The one immutable truth about New York City is that it is always changing. Institutions rise and fall, businesses come and go, skyscrapers are built up and knocked down to make way for newer, taller ones. But amid all this flux, some buildings endure—even if their original occupants have long since vanished. Here’s a list of edifices with long and varied histories, some victims of gentrification, others saved by preservationists, and some merely evolving with the times. Because for every beloved concert venue that turns into a bank, there’s a Gothic courthouse that became a library; and the city grinds on.Read More
The hidden histories of 10 enduring NYC buildings
From CBGB's former headquarters to a Gothic library, these buildings have served many purposes
Built: 1884When this ten-story Queen Anne-style structure first went up — on the spot where George Washington's headquarters once resided — it was one of the tallest buildings in New York. In 1919, the International Mercantile Marine Company moved in — J.P. Morgan's shipping trust that owned the White Star Line (who built a little ship called the R.M.S. Titanic). The building was renovated with a nautical theme to attract steamship travelers, with seashells and compass designs, murals of shipping routes and an opulent marble interior. Today it's a Citibank — but the decor remains, accessed through entrances marked "First Class" and "Cabin Class."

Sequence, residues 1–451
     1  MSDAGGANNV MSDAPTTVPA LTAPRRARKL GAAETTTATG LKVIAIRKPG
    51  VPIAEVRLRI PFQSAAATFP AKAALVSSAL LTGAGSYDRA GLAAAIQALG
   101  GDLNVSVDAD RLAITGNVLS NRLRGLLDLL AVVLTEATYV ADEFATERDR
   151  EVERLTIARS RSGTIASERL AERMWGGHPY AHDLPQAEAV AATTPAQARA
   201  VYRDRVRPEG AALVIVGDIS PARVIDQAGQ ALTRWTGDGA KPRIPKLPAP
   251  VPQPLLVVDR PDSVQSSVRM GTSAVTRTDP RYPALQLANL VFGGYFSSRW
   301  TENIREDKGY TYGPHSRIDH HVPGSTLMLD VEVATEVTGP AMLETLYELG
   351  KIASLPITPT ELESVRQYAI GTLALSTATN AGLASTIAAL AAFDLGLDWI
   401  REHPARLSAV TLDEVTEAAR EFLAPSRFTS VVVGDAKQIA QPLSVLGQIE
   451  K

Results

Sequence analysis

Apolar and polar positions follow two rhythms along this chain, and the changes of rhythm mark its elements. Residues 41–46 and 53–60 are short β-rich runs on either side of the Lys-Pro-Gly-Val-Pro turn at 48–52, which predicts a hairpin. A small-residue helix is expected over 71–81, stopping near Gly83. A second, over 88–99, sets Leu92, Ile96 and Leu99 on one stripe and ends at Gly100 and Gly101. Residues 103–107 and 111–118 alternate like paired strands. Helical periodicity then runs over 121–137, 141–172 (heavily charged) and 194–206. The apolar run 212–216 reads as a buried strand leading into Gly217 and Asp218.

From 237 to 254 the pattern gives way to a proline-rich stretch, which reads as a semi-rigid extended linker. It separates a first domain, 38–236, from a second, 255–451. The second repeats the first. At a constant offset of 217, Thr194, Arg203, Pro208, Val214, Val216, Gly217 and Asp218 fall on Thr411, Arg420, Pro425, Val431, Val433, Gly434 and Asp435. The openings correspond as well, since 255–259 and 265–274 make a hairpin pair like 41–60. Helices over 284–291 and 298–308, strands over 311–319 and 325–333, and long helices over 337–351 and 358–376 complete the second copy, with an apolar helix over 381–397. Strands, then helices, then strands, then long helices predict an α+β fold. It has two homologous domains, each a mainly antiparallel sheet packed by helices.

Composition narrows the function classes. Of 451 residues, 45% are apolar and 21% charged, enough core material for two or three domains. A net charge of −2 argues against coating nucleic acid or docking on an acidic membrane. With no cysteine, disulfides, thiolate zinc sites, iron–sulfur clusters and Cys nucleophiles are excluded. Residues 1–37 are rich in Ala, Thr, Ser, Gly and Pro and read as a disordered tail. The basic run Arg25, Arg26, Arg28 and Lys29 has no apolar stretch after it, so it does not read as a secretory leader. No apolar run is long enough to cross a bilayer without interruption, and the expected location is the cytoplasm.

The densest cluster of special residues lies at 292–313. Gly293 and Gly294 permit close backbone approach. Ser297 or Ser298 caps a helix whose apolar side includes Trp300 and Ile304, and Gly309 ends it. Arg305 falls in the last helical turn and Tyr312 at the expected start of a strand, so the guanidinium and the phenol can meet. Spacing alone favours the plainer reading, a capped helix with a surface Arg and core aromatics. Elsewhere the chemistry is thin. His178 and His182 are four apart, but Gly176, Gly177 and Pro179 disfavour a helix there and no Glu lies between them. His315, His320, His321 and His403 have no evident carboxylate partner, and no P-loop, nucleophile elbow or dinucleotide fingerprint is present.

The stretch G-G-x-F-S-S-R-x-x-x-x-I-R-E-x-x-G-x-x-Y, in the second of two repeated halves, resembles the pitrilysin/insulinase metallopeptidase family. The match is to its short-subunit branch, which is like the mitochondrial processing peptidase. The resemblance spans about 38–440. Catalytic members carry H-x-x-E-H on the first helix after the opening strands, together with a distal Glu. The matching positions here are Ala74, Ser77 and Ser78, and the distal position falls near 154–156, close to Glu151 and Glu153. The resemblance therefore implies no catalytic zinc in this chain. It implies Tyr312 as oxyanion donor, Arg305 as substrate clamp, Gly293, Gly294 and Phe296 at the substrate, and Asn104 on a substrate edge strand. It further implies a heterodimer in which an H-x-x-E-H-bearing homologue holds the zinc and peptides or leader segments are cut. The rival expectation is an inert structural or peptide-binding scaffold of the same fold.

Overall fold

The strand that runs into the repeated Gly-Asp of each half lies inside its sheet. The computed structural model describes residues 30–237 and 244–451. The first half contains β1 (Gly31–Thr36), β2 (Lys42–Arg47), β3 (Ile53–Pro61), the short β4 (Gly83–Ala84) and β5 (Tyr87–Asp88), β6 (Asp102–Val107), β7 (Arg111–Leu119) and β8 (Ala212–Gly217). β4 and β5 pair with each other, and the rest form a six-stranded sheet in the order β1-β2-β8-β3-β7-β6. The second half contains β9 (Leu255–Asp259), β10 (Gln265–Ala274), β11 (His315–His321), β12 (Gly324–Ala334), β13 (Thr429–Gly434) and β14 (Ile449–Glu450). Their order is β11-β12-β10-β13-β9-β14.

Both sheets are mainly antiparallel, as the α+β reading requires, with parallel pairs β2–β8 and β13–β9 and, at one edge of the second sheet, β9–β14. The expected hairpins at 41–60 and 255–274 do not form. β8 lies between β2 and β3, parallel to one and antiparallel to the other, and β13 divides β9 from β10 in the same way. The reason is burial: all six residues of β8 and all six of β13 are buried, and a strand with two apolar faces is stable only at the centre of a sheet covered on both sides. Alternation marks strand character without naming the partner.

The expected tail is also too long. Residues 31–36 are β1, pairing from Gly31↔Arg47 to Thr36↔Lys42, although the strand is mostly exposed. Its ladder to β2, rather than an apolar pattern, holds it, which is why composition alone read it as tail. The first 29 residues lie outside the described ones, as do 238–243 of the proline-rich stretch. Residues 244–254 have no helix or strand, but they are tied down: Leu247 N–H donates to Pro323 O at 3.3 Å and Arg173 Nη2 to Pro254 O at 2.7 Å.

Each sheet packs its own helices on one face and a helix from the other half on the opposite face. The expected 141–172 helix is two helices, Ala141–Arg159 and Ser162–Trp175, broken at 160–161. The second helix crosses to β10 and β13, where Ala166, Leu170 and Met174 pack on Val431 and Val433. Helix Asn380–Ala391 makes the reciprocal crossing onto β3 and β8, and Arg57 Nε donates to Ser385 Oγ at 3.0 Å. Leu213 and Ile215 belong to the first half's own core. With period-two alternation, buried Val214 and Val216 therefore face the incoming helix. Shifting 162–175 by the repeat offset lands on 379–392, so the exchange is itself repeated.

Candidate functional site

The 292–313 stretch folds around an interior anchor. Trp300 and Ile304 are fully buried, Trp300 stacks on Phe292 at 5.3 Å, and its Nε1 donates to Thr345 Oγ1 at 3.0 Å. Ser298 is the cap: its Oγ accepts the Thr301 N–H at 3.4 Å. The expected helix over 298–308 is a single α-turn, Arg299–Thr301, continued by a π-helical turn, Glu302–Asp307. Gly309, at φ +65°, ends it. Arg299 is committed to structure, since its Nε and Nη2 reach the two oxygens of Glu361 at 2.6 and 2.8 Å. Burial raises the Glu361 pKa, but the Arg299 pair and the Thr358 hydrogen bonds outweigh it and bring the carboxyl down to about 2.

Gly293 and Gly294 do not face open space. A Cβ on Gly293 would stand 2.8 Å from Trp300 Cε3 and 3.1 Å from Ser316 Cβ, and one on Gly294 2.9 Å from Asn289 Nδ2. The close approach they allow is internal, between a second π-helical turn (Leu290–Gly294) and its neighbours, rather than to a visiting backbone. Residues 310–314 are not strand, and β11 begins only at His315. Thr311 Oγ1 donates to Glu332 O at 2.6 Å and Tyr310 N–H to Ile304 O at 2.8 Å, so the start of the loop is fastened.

Anthology Film Archives
Built: 1917–1919Today it houses the Anthology Film Archives, but this red brick building in the East Village was once the Third District Magistrates Court. Designed by Alfred Hopkins, who is responsible for many courthouses and penitentiaries throughout the Northeast and Midwest, the building served as both a courthouse and a prison. It was operational until 1946, witnessing the trials of several notorious gangsters in the Prohibition era. It had fallen into disrepair when Anthology bought the building in 1979, when its interior was remodeled for use as a cinema, library, and film preservation center.